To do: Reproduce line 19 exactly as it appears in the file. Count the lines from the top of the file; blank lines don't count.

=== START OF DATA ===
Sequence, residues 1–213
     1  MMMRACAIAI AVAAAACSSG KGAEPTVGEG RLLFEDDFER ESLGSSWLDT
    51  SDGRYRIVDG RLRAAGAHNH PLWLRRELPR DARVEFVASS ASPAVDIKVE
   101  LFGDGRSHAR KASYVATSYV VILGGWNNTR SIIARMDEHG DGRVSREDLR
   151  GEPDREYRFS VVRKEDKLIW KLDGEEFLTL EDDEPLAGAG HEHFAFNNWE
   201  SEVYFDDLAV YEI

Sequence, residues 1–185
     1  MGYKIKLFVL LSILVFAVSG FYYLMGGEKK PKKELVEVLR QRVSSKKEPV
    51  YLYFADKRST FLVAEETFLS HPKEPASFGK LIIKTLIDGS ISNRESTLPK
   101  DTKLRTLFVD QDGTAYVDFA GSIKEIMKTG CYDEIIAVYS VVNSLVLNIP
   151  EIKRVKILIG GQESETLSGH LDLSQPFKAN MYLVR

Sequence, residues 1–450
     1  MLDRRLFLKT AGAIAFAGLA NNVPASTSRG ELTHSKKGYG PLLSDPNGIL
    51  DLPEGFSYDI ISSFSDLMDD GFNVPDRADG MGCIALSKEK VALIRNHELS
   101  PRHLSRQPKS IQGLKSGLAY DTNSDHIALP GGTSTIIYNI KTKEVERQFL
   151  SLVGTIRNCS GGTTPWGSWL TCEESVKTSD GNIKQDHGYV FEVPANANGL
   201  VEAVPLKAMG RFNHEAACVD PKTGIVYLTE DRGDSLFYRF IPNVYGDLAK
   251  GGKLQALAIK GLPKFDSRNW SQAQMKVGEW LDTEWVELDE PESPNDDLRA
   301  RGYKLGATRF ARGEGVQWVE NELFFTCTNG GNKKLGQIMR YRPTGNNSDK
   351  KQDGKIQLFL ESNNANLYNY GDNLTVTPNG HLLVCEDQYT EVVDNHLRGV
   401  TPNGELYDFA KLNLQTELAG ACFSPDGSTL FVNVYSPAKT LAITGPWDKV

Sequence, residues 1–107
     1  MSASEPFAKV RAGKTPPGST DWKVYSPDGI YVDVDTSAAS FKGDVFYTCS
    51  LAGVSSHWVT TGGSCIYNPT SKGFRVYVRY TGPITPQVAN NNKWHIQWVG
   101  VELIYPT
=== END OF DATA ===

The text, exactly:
   301  RGYKLGATRF ARGEGVQWVE NELFFTCTNG GNKKLGQIMR YRPTGNNSDK